London Film Festival: Critics picks
Before you max out the credit card on LFF tickets this year, take a look at our handy critics picks first...
Dave Calhoun recommends…Jim Jarmusch’s new film, ‘The Limits of Control’, is a noir head-scratcher that’s as cool as they come: Isaach de Bankolé plays a sharp-suited criminal travelling through Spain and having mysterious meetings with eccentric characters played by Tilda Swinton, Gael García Bernal, Bill Murray and others. You get the feeling that Jarmusch wanted to go back to the monastery with this puzzling riff on Melville and ‘Point Blank’ after the lighter ‘Broken Flowers’. Equally headstrong is Gaspar Noé’s mind-bending ‘Enter the Void’, which I suspect has been trimmed since a Cannes outing that approached three hours. Noé follows ‘Irréversible’ with this Tokyo-set, neon-drenched story of an American expat who is shot dead while on a DMT trip soon after his sister comes to visit. The film adopts the perspective of his soul floating above the city – or is it just one long, bad trip? It’s nothing if not daring – although one critic has called it ‘the world’s most expensive screensaver’. More straightforward in the telling is Jacques Audiard’s bruising ‘A Prophet’, a compelling prison movie that smartly bullies you into believing its increasingly ludicrous plot. He’s looking forward to seeing: Claire Denis’s ‘White Material’.
|Yorgos Lanthimos’s eerie ‘Dogtooth|
David Jenkins recommends…Yorgos Lanthimos’s stunning ‘Dogtooth’ was a prizewinner at this year’s Cannes and is about a man who wants to protect his kids from the world. So he locks them in his mansion, tends to their sexual urges and invents words to satisfy their curiosity (‘telephone’ becomes ‘salt-shaker’ etc). It’s challenging, funny and rich ‘what if?’ cinema that fashions its own strange little world. Elsewhere, Todd Solondz’s ‘Life During Wartime’ sees the US provocateur back on blistering form. Returning to the characters of 1998 hit ‘Happiness’, he weaves an arch, insightful yarn of depression, degradation and hypocrisy as three sisters try to get their lives back on track. Shirley Henderson, Ally Sheedy and Paul ‘Pee Wee Herman’ Reubens all star.He’s looking forward to seeing: Harmony Korine’s ‘Trash Humpers’.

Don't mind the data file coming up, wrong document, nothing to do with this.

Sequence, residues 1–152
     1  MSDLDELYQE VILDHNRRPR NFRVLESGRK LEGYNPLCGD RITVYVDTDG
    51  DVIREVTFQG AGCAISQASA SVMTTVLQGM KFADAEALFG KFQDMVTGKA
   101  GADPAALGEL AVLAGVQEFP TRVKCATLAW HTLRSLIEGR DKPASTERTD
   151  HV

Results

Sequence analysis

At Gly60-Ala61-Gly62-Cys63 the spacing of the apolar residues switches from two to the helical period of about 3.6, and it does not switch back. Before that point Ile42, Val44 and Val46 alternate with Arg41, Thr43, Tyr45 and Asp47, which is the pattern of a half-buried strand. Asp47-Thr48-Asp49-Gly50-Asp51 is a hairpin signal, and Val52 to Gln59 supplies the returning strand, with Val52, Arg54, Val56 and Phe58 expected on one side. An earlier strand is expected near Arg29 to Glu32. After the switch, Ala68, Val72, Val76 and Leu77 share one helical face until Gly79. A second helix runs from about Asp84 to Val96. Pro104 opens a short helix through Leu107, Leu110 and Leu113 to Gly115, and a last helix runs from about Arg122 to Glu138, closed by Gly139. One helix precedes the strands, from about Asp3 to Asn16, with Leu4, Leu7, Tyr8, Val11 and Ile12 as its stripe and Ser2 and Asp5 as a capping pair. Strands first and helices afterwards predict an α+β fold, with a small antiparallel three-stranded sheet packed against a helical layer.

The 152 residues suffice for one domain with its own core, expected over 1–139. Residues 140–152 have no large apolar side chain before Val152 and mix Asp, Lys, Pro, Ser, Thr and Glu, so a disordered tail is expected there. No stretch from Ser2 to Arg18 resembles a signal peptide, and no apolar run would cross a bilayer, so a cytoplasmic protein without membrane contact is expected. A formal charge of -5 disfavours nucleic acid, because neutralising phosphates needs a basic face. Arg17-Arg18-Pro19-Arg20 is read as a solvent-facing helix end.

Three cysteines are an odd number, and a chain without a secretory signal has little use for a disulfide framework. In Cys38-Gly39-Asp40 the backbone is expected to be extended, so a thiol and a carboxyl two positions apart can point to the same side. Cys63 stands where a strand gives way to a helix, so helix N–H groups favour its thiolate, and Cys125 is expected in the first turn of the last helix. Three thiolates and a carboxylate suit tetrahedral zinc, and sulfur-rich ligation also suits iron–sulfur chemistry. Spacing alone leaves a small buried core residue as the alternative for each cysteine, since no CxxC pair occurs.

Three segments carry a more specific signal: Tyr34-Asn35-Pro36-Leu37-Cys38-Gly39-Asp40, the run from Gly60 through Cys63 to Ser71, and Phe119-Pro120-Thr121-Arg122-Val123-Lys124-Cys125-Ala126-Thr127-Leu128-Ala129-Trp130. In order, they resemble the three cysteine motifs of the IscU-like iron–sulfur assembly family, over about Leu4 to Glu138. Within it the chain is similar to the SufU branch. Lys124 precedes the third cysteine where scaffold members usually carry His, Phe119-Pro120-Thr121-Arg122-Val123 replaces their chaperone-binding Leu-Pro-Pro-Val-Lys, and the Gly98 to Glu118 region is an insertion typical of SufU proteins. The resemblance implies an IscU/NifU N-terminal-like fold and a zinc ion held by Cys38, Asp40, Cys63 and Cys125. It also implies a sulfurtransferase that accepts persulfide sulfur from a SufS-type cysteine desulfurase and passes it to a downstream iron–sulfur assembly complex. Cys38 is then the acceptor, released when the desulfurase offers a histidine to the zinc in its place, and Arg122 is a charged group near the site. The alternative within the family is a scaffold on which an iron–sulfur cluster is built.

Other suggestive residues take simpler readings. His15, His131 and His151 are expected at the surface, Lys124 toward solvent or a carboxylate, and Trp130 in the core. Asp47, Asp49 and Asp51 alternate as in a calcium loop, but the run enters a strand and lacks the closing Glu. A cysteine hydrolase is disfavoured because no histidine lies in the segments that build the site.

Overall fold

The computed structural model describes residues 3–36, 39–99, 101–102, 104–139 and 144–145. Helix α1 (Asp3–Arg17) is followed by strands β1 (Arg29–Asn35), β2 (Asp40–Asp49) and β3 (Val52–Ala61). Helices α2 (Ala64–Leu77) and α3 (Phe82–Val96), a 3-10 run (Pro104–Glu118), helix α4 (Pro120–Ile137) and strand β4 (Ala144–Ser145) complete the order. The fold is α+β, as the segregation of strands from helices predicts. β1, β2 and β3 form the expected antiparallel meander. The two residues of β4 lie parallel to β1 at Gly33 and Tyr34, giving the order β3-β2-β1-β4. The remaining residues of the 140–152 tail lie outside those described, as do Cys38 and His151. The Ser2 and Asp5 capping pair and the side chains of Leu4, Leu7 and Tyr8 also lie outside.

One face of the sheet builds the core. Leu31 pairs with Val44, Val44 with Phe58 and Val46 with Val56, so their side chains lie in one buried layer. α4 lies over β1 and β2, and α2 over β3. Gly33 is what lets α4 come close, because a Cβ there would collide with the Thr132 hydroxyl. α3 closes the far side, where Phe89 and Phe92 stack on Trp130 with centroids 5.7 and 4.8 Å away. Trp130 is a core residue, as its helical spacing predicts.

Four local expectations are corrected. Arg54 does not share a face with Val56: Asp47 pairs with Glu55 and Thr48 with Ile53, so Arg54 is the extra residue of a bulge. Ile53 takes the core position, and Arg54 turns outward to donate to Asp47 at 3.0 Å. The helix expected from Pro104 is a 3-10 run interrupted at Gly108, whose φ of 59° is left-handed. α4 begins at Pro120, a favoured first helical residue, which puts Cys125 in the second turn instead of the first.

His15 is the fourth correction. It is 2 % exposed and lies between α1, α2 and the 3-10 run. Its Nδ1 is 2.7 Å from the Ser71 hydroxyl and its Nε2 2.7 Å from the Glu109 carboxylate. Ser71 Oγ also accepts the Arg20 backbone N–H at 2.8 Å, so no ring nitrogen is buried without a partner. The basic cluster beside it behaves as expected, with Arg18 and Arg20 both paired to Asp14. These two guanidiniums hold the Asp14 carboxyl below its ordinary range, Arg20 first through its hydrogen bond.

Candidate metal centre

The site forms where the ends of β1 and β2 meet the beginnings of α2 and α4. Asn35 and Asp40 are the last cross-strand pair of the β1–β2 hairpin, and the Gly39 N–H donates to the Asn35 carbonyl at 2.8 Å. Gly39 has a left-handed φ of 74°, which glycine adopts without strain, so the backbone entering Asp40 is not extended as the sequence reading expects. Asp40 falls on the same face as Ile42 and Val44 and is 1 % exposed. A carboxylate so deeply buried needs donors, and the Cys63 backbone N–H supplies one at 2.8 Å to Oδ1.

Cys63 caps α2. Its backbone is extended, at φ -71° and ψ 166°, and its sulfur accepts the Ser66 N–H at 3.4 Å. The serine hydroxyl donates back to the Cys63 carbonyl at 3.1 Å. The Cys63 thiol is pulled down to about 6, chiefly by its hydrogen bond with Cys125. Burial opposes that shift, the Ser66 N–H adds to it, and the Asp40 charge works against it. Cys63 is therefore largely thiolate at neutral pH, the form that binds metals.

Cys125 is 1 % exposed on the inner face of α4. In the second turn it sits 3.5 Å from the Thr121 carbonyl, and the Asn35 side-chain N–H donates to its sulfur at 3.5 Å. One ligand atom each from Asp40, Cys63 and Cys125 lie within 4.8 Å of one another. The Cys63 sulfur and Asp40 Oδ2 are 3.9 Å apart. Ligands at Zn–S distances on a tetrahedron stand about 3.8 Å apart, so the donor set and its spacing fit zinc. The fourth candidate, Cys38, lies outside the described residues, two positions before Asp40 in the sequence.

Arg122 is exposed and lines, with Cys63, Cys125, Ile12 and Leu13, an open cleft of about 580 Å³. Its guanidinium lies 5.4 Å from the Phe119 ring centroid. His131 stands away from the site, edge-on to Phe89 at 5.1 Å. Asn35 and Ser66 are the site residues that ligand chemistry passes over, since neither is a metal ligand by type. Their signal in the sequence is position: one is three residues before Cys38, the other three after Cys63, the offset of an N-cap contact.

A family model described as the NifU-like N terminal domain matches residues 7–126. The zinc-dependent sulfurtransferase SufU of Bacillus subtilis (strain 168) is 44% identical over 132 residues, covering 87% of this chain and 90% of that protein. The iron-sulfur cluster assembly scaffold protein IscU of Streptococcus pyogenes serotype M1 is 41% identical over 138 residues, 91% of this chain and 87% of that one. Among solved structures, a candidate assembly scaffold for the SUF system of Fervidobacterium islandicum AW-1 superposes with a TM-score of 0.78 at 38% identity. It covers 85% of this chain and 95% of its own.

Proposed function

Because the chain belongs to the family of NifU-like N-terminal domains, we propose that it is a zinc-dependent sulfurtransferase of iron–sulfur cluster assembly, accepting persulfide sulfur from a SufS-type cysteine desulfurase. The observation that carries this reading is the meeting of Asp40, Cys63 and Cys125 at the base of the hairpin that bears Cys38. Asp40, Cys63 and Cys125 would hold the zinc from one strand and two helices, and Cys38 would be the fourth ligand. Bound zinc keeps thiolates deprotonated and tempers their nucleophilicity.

Tom Huddleston recommends…For his follow-up to global smash ‘The Host’, Korean master Bong Joon-Ho has fashioned ‘Mother’, an intimate Hitchcockian melodrama packed with dazzling directorial flourishes. Following Hye-Ja Kim’s battered and increasingly desperate matriarch
| Bong Joon-Ho's 'Mother'|
as she attempts to prove the innocence of her semi-autistic son in the run-up to his murder trial, this is a breathlessly paced, perfectly plotted and emotionally overwhelming thriller.
In the Cinema Europa strand is first-timer Roberto Castón’s ‘Ander’, a warm study of a lonely man’s struggle for self-acceptance. Meanwhile, among the documentaries, ‘Henri-Georges Clouzot’s Inferno’ attempts to piece together the fragments of a filmmaking legend’s unfinished project. The story is fascinating, but the main attraction is Clouzot’s sensuous, bizarre footage: the sight of Romy Schneider on water-skis is well worth the price of admission alone.
He’s looking forward to seeing: Atom Egoyan’s ‘Chloe’.
Author: Dave Calhoun, David Jenkins & Tom Huddleston
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